Category Archives: TV

Thor, aliens, racists and elderly Japanese: movies viewed (#SFWApro)

THOR RAGNAROK (2017) has Thor no sooner expose Loki as having taken Dad’s place (at the end of Thor: The Dark World) than all of Asgard falls to the Odinsons’ elder sister Hela (Cate Blanchett), which results in Thor getting trapped into gladiatorial games on the world of the Grandmaster (Jeff Goldblum). There’s some good stuff (the handling of Hulk, Tessa Thompson’s Valkyrie) and Karl Urban makes a great Skurge (the character is so lightly scripted it’s entirely to Urban’s credit his dramatic arc is plausible), but there’s way, way too much comic relief (Mark Ruffalo’s Bruce Banner is played purely for laughs). And I don’t see any real excuse for the Dr. Strange scene other than to remind us they’re in the same universe. Art by Walt Simonson, all rights remain with current holder“Open communication has never been our family’s forte.”

ARRIVAL (2016) is the First Contact film in which linguist Amy Adams and physicist Jeremy Renner try to figure out how communicate with the recently arrived “heptapods” before someone panics and starts a shooting war. The stock opening reminded me too much of V but things picked up as it went along, enough I can forgive the weaknesses of the linguistics (I could spot some even before reading this article). Overall I’m glad I saw it, but I don’t regret waiting for streaming. “Sheena Easton had a hit song in all twelve cities in 1980.”

GET OUT (2017) probably shouldn’t have worked as it’s in many ways a conventional reworking of old horror tropes. However, the story of a young black man discovering meeting his new girlfriend’s family was a bad life decision is very well acted and raising black/white issues gives it a distinctive feel (no, they’re not targeting black victims for racist reasons, just because — oh look, a chicken!). It gets weaker at the gory end (and I can’t see how the protagonist pulled off his escape) but I’d much sooner have seen this in a theater than Arrival. Catherine Keener plays a sinister hypnotist. All rights to image remain with current holder. “I don’t think they’re a kinky sex family.”

TOKYO STORY (1953) shows that the problem of aging parents is apparently universal: A Japanese couple visit Tokyo to see their assorted children, only to have the kid fob the parents off on each other as much as possible and as cheaply as possible, with only their widowed daughter-in-law (who clings to her husband’s memory to an unhealthy degree) showing them genuine kindness. Slow-moving but no less effective for all that; I’m inclined to suggest I Never Sang For My Father as a movie tackling similar issues, though with a much less sympathetic older generation. “You see, even you are dissatisfied.”

Moving to TV, MARVEL’S INHUMANS wrapped up its eight-episode run earlier this week. While not as awful as some reviews paint it , it is very underwhelming: scheming Inhuman Maximus takes over the city of Attilan, sending the rest of the Inhuman royal family on the run (and presumably to slash costs, they shave Medusa so her living hair is off the table). After various adventures, they reunite to fight back against the usurper. Which certainly could work as a set-up but this just limps listlessly along. While not formally cancelled, it doesn’t seem anyone’s eager to give it a second chance. “That will always be my story — ‘he did so well, considering what he’s less than.’”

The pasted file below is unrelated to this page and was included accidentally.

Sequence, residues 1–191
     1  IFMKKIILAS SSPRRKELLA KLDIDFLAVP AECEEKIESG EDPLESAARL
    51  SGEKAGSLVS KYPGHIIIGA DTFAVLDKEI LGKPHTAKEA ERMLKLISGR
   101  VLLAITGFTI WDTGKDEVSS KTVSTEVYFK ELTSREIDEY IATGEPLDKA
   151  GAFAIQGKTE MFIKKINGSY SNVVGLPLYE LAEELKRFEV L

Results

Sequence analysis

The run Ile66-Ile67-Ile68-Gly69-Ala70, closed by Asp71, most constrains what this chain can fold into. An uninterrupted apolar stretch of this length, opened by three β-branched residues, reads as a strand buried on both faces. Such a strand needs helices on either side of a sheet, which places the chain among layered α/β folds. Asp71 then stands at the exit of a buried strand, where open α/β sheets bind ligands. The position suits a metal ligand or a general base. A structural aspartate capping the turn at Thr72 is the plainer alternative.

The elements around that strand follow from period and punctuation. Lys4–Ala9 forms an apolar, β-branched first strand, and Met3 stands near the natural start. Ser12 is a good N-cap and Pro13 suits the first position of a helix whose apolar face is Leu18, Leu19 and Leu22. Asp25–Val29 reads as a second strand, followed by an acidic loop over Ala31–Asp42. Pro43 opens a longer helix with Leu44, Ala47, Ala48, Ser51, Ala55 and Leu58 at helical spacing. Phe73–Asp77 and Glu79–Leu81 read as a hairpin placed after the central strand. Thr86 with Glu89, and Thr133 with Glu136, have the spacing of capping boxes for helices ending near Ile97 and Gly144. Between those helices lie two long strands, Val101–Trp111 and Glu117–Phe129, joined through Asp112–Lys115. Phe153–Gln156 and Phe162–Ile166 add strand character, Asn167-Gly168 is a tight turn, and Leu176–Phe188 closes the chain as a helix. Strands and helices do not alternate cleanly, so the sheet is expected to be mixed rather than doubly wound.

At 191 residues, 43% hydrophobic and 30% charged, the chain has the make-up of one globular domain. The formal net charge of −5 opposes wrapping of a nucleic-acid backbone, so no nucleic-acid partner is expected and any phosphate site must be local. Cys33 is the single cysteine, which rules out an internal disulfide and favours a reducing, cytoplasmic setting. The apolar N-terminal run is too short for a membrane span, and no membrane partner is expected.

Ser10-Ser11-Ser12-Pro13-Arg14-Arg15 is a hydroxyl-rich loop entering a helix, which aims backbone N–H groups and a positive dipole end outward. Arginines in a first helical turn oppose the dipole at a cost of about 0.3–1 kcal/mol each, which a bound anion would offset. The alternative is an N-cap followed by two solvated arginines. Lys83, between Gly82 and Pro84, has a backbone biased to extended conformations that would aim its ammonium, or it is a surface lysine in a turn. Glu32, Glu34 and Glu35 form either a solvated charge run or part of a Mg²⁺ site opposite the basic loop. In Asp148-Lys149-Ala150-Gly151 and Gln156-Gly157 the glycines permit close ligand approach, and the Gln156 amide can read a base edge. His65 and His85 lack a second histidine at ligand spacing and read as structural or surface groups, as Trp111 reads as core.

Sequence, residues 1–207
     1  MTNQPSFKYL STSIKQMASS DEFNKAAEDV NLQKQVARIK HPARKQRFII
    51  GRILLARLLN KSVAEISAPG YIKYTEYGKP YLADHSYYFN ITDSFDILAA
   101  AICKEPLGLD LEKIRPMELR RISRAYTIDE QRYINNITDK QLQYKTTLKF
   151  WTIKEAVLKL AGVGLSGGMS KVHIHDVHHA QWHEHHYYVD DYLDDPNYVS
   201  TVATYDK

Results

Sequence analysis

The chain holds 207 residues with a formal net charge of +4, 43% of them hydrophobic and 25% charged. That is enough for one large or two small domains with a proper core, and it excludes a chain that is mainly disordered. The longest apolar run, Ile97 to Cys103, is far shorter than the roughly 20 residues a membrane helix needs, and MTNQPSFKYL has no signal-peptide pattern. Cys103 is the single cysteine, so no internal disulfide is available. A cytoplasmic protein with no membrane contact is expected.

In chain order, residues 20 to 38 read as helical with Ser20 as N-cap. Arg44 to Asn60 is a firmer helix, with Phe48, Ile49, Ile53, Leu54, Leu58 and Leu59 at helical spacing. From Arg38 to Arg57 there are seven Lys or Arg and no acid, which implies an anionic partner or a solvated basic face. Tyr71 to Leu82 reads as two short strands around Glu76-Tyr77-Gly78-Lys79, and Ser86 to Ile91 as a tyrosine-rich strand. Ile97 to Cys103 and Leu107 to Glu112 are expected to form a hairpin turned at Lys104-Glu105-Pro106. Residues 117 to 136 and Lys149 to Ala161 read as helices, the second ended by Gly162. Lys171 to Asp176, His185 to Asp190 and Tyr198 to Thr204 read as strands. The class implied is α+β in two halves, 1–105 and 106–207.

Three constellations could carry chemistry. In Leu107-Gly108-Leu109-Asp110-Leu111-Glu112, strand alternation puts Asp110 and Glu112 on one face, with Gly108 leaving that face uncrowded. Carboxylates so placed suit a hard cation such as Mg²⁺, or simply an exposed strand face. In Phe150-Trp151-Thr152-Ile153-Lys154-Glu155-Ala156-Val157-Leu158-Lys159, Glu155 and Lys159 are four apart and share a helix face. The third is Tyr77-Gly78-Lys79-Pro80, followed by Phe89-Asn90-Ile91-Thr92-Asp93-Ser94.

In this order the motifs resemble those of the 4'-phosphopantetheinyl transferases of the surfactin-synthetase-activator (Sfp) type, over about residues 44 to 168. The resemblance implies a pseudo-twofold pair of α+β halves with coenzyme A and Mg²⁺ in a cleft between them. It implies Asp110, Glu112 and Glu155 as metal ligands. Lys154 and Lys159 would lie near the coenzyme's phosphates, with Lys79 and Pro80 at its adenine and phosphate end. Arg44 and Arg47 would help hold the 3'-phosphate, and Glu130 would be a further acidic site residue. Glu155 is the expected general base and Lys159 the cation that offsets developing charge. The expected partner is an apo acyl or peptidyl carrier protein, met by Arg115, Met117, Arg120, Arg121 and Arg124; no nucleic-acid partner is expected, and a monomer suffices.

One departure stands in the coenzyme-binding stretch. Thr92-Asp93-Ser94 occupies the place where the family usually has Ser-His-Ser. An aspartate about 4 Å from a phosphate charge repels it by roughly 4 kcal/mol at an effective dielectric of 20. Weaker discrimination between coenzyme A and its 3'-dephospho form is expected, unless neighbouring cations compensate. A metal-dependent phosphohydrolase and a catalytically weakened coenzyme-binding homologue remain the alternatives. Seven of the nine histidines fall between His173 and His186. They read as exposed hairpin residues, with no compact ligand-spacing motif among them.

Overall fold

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The dream of an outsider (#SFWApro)

There is a running theme in pop culture that running the country is really simple — it’s the politicians who make it complicated. And yes, this obviously reflects real life memes (We should run government like a business! This politician is awesome because he’s a “Washington outsider.”), but in fiction we can actually make it happen.

(All rights to image remain with current holder)

Part of the appeal is the perennial fantasy of the ordinary Joe or Jane suddenly elevated into a fantastic life — superhero, monarch, movie star, leader. But I think it’s also drawn on an underlying belief about politics: government is simple but politicians make it complicated. They’re corrupt, act out of self-interest, too partisan to do what’s right. If we could get that out the way and convince them to knock off the bullshit, finding solutions to our problems would be a cakewalk.

So by putting someone in office who’s not a politician — a real American, a plainspoken guy (almost always a guy) who has no dog in the hunt, we can fantasize about how easy it would be for him/us to make this country work the way it’s supposed to.

Dave is a perfect example. Kevin Kline [edited to correct name] as the eponymous protagonist becomes the president’s double; when the president has a stroke, Dave steps in (part of a scheme by political insiders to keep the upright Veep from stepping in and thwarting their plan). Miraculously, he’s able to set the country on the right track because he actually cares about people more than politics. In Gabriel Over the White House (admittedly not a regular guy — the protagonist is possessed by an angel), Walter Huston creates a New Deal-like jobs program to end the depression, ends Prohibition and declares martial law so he can take down organized crime. Then he builds the world’s mightiest navy, so just the hint the US might use it will keep the nations of the world at peace.